The Swiss pilots, Bertrand Piccard
and Andre Boschberg, are taking turns
at the controls of the aircraft during
their 21,700-mile journey.
The aircraft s wings are covered by
more than 17,000 solar cells that recharge
the plane s batteries. It flies ideally at
around 28 mph.
The Swiss explorers say their aim is
to highlight the importance of renewable
energy and the spirit of innovation. They
say the visionary journey is a "strong
message for clean technologies."
Neither pilot will be able to stand in
the cockpit while flying, but the seat
reclines for stretching and its cushion
can be removed for access to a toilet.
There is no running water onboard. Arm-
bands placed underneath their suits will
buzz if the plane isn t flying level. (AP)
NIGERIA---At least 34 people were
killed by a teenage girl suicide bomber
yesterday at a crowded market in the
northeastern Nigerian city of Maid-
uguri, said witnesses.
The blast by a female teenager
occurred in the market near the Old
Elkanemi Cinema in the late afternoon,
said Musa Danbaba, a member of a
civilian protection militia. He said 34
bodies were counted and many more
No group immediately claimed
responsibility for the bombing, but it
bears the hallmarks of Nigeria s Islamic
extremist group, Boko Haram.
The Maiduguri market is where sui-
cide bombers on Saturday detonated
explosives that killed 54 people.
Boko Haram is waging a nearly six-
year insurgency to impose Muslim
Shariah law in Nigeria. An estimated
10,000 people were killed by Boko
Haram violence last year. Last week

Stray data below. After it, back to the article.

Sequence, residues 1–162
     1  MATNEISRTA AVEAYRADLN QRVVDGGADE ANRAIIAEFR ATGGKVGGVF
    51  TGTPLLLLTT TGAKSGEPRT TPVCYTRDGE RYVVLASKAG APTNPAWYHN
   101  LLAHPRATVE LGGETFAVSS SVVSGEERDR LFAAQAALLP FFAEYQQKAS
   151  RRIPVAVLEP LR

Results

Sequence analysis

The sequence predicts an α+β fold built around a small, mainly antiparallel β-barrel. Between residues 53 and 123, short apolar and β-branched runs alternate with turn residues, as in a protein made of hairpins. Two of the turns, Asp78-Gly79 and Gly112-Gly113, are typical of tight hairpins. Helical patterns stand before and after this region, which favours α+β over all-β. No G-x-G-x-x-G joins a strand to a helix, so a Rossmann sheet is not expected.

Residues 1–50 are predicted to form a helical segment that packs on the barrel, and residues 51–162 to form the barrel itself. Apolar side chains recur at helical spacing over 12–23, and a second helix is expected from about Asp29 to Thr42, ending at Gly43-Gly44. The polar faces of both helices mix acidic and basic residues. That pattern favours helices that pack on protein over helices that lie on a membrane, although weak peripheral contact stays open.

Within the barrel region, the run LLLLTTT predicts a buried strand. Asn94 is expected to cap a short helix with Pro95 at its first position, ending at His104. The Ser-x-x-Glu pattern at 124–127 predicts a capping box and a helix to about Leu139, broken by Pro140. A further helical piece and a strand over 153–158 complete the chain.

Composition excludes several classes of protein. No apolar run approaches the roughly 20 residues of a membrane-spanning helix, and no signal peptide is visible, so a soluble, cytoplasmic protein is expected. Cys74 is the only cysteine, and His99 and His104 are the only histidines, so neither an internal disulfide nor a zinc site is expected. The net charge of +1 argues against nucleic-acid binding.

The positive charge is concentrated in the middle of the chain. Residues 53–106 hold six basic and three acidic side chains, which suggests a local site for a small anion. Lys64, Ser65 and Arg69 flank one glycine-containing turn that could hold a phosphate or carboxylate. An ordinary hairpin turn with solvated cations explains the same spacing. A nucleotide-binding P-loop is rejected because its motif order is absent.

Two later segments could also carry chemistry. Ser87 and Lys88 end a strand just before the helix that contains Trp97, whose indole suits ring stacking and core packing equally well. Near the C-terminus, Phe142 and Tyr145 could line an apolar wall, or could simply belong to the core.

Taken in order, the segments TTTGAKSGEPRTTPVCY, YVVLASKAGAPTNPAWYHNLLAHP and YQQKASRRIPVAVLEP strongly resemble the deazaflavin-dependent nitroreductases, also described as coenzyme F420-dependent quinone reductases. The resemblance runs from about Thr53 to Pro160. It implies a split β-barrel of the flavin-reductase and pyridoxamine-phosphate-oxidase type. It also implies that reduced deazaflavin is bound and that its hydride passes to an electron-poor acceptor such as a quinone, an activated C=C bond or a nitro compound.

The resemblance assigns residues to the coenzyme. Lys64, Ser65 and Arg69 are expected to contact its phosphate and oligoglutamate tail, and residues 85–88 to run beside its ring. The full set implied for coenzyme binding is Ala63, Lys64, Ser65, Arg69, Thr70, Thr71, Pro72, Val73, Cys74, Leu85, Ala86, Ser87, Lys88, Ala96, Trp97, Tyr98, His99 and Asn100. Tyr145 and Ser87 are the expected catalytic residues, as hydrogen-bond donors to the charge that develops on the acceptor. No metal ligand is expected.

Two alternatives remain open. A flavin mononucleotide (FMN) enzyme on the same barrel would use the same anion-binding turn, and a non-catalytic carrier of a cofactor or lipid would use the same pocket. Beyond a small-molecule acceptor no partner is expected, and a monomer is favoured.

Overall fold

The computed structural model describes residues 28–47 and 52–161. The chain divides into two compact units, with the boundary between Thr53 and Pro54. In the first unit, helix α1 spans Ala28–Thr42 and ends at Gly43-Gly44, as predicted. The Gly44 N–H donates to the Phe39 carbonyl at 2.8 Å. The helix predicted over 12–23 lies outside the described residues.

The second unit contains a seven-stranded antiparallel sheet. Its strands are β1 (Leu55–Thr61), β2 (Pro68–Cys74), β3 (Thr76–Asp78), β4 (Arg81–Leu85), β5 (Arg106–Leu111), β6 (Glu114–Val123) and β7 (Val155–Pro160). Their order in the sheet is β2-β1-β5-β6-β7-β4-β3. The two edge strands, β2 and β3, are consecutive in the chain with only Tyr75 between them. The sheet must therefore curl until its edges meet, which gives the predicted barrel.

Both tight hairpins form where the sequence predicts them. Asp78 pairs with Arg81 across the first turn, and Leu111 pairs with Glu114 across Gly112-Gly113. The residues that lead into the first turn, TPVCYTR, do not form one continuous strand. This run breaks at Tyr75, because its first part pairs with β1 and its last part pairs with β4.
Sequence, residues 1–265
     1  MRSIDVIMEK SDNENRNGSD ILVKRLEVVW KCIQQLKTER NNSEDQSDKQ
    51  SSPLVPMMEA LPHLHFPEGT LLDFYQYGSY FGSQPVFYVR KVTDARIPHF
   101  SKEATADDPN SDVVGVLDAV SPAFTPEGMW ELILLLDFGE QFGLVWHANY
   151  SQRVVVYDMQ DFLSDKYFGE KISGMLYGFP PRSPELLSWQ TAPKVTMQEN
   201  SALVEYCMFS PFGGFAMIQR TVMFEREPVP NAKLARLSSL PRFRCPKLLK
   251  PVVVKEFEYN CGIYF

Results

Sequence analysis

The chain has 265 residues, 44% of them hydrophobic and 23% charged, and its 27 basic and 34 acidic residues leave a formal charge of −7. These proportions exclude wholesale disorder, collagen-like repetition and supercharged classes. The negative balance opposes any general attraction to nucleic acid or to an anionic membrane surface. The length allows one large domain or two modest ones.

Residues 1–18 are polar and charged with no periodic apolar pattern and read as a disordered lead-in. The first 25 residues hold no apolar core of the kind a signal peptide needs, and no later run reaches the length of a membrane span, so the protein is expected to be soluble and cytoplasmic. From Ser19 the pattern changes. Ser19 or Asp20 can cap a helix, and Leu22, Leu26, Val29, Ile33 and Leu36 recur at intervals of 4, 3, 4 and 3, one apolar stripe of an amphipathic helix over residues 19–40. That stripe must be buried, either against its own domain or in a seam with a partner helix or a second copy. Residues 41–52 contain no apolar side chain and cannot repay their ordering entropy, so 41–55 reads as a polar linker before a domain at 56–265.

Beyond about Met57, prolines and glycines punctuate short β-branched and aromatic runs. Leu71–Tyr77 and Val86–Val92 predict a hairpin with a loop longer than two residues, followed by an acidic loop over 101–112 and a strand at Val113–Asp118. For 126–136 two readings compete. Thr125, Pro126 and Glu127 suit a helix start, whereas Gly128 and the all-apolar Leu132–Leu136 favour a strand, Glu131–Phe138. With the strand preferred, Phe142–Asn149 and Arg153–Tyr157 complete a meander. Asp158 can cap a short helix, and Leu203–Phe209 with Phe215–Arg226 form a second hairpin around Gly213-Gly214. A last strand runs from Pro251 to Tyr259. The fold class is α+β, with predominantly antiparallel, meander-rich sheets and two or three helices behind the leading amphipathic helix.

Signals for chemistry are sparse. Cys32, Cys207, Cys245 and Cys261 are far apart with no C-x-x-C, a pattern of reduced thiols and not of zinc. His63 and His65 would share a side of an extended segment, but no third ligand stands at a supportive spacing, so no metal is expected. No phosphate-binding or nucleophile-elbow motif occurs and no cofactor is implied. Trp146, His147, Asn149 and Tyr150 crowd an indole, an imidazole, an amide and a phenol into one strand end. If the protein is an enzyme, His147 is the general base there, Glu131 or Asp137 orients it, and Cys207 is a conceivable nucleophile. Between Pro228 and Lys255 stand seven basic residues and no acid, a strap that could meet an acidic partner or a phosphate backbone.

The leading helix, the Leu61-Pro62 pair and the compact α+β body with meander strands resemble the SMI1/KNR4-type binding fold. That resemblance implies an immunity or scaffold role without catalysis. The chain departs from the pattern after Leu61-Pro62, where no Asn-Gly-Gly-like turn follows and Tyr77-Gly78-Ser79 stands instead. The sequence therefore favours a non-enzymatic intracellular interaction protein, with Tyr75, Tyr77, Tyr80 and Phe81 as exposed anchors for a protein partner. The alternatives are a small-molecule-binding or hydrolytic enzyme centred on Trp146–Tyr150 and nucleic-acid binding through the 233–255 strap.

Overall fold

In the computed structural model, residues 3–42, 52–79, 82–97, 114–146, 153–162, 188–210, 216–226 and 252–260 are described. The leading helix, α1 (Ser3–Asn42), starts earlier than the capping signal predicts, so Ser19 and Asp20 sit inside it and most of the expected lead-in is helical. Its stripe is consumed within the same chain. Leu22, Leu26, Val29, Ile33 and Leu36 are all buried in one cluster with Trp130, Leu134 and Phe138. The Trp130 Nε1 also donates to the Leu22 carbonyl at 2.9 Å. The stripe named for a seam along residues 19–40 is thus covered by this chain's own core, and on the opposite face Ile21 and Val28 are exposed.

Boko Haram announced its allegiance
to the Islamic State. (AP)
MEXICO CITY---The leader of a rural
vigilante group says he may run for Congress
after murder charges against him and about
two dozen followers were dropped and they
were freed from prison.
A judge ruled the vigilantes acted in self-
defence in a December shootout with a rival
faction that left 11 people dead.
Self-defence group leader Hipolito Mora's
son died in the December 16 shootout with
the group led by rival vigilante Luis Antonio
Mora said he is negotiating with a small
opposition party to run for Congress in June
Athletes and actresses have also
registered to run in the congressional
RIYADH---Saudi King Salman vowed
yesterday that low oil prices would not halt
progress in his country, and promised to
defend Arab and Muslim causes around the
world in his first major policy speech since
assuming the throne.
Salman, 79, said the kingdom would
continue oil and gas exploration, despite
crude prices being nearly half of what they
were last summer. In an acknowledgement of
the kingdom's burgeoning young population,
he urged businesses to help create jobs,
calling it a national duty.
On foreign policy, he said the kingdom
"would continue to defend Arab and Islamic
issues" and the creation of a Palestinian state
with Jerusalem as its capital.
Saudi king vows development, stability despite low oil price Mexico vigilante leader freed, may run for office
34 killed in explosion
at Nigeria market
seeks increased power
after US sanctions
plane lands in India France stunned as copter
crash kills Olympians
Student protesters in Myanmar clashed with riot police in Letpadan, 90 miles north of Yangon. The
students say they want changes to be made to a new bill which they say centralises control over higher
education. Tensions have been rising in Letpadan since last week, after police gave the students a
deadline to disperse. BBC PHOTO
The accident happened in the
remote, rugged province of La Rioja,
close to the Andes mountains.